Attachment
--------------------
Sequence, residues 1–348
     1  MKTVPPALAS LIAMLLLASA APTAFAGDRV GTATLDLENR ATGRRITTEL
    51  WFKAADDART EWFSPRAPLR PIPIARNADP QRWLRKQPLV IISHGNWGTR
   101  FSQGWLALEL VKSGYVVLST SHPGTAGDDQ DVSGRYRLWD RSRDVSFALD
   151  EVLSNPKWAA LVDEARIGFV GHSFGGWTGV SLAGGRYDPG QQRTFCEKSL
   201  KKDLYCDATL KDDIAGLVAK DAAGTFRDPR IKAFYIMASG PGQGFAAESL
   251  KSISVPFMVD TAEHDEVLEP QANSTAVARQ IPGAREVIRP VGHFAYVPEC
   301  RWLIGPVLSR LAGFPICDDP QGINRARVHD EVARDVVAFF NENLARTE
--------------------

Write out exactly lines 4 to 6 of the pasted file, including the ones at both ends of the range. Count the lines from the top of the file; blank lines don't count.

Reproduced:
   101  FSQGWLALEL VKSGYVVLST SHPGTAGDDQ DVSGRYRLWD RSRDVSFALD
   151  EVLSNPKWAA LVDEARIGFV GHSFGGWTGV SLAGGRYDPG QQRTFCEKSL
   201  KKDLYCDATL KDDIAGLVAK DAAGTFRDPR IKAFYIMASG PGQGFAAESL